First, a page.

Skip site navigation (1) Skip section navigation (2)

Re: Refactoring log_newpage

From: Heikki Linnakangas <heikki(dot)linnakangas(at)enterprisedb(dot)com>
To: Simon Riggs <simon(at)2ndQuadrant(dot)com>
Cc: Jim Nasby <jim(at)nasby(dot)net>, PostgreSQL-development <pgsql-hackers(at)postgresql(dot)org>
Subject: Re: Refactoring log_newpage
Date: 2012-02-02 07:26:09
Message-ID: (view raw, whole thread or download thread mbox)
Lists: pgsql-hackers
On 02.02.2012 08:19, Simon Riggs wrote:
> On Wed, Feb 1, 2012 at 10:42 PM, Jim Nasby<jim(at)nasby(dot)net>  wrote:
>> On Feb 1, 2012, at 4:25 AM, Simon Riggs wrote:
>>> At present log_newpage() produces log records called XLOG_HEAP_NEWPAGE.
>>> That routine is used by HEAP, BTREE, GIN, SPGIST rmgrs, as well as
>>> various forks.
>>> WAL contains no information as to which rmgr the data refers to,
>>> making debugging much harder and skewing efforts to optimise WAL
>>> traffic and is a pretty gross modularity violation of the whole rmgr
>>> concept.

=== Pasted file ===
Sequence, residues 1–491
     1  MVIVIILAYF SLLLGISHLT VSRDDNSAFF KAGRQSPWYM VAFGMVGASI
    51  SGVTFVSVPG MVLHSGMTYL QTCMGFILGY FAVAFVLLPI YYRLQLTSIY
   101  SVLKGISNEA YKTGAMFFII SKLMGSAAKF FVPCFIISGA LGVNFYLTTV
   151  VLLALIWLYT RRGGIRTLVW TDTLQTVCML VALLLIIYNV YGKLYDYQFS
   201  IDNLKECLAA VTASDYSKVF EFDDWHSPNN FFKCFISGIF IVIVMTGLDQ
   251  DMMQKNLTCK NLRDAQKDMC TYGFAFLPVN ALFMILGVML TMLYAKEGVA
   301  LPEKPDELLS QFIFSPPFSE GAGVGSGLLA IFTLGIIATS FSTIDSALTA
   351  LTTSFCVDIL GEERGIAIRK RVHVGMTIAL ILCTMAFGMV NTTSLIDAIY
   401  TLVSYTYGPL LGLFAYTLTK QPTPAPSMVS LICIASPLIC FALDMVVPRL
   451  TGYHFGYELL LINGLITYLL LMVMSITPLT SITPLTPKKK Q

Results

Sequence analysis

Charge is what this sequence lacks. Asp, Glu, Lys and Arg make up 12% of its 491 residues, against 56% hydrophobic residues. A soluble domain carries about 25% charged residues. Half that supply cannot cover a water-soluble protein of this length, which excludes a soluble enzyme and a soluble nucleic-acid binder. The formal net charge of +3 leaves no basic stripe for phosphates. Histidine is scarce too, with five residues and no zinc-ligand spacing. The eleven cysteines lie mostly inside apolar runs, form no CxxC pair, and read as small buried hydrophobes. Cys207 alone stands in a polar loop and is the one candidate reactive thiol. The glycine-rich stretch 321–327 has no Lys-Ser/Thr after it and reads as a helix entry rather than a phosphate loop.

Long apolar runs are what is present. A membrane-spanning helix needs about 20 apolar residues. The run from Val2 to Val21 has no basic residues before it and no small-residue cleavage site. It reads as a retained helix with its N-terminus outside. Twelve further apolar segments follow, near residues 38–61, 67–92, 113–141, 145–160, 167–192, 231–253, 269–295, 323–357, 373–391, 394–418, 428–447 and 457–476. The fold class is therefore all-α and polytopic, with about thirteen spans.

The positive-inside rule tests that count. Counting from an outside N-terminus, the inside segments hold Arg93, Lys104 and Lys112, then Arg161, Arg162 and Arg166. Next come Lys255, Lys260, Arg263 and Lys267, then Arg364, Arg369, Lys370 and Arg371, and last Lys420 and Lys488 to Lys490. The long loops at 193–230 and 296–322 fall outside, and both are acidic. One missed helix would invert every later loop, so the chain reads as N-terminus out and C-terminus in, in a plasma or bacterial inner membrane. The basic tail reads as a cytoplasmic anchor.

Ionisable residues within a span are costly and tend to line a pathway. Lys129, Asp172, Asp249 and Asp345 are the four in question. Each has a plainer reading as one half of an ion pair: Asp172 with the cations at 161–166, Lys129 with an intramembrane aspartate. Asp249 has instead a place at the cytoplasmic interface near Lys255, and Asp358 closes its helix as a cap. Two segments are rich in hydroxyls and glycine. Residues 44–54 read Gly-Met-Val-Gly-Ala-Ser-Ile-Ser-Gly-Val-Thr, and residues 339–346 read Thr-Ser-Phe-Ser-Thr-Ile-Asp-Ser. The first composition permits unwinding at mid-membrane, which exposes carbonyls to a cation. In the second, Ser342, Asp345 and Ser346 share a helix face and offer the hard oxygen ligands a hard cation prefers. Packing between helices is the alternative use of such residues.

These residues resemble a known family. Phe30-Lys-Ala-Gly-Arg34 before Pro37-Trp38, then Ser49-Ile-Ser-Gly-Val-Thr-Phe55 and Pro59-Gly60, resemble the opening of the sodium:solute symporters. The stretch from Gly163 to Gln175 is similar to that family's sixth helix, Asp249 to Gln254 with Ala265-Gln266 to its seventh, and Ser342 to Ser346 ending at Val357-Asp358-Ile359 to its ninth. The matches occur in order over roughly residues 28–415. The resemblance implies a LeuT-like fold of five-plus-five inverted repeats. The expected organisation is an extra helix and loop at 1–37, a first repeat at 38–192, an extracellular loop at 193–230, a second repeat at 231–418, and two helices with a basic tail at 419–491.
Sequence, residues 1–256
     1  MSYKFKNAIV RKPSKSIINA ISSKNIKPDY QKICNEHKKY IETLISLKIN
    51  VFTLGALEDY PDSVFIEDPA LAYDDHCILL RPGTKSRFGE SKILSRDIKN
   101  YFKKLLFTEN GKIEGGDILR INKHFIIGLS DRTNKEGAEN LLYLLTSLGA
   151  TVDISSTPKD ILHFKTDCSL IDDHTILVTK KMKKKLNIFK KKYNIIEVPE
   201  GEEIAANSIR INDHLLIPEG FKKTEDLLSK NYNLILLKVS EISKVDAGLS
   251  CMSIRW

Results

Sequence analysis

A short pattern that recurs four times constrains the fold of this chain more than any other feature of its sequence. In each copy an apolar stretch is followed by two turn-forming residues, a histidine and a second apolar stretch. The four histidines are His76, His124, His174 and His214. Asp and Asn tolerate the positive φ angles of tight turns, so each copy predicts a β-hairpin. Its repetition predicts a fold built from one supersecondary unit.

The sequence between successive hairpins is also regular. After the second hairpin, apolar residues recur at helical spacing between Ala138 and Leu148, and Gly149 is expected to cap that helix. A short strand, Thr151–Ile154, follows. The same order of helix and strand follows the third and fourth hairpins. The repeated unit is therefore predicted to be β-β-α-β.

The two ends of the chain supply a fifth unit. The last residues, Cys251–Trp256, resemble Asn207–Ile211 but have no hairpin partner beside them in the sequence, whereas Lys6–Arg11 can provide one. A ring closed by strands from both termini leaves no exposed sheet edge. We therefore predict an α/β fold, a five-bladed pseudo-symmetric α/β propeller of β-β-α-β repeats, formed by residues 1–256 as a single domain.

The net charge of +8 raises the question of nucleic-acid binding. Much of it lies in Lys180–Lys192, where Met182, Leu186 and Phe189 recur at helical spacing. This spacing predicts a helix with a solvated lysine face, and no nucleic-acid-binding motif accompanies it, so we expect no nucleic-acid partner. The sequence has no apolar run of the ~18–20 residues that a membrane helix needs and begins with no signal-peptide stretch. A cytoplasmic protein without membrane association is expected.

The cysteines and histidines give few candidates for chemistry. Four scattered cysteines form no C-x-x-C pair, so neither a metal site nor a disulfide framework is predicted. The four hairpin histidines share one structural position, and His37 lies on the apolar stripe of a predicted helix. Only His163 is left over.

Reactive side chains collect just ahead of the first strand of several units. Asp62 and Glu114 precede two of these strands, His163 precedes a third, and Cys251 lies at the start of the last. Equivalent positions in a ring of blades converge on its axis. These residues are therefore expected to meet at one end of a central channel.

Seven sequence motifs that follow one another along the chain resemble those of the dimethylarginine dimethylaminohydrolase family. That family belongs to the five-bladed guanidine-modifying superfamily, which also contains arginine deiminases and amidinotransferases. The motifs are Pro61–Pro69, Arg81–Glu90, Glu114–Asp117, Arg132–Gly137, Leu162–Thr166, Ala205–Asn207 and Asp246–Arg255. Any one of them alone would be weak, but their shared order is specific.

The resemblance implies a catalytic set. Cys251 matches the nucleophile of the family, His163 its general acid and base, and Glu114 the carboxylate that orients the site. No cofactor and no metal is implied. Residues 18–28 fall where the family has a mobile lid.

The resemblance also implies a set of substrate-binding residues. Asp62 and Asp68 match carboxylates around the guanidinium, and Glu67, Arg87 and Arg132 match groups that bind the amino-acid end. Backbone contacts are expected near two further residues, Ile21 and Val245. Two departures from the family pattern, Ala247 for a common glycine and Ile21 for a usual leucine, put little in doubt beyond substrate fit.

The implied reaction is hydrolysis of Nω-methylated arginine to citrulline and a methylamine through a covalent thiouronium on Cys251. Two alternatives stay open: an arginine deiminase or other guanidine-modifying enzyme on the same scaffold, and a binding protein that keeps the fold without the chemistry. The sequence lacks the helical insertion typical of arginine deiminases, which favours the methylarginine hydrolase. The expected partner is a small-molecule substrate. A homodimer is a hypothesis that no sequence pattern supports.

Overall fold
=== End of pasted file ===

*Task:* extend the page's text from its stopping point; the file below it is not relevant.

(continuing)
>>> This refactoring adds an RmgrId field onto each new page record and
>>> makes clearer that certain "heap" routines are actually generic. The
>>> WAL records are still marked as HEAP rmgr and have XLOG_NEWPAGE record
>>> type, but at least we can tell them apart. (We already had forknum,
>>> just not rmgrid).
>> But we already had RelFileNode; wouldn't that be enough to tell what rmgr was responsible for the new page? Can 2 different rmgrs write to the same file node?
> No, but which one? No way to tell unless you have full list of
> relfilenodes and check each one.

Well, you can obviously check the catalogs for that, but you must be 
assuming that you don't have access to the catalogs or this would be a 

You can also identify the kind of page by looking at the special area of 
the stored page. See:

   Heikki Linnakangas

In response to


pgsql-hackers by date

Next:From: Jaime CasanovaDate: 2012-02-02 07:26:26
Subject: Re: pg_stats_recovery view
Previous:From: Simon RiggsDate: 2012-02-02 06:19:23
Subject: Re: Refactoring log_newpage

Privacy Policy | About PostgreSQL
Copyright © 1996-2018 The PostgreSQL Global Development Group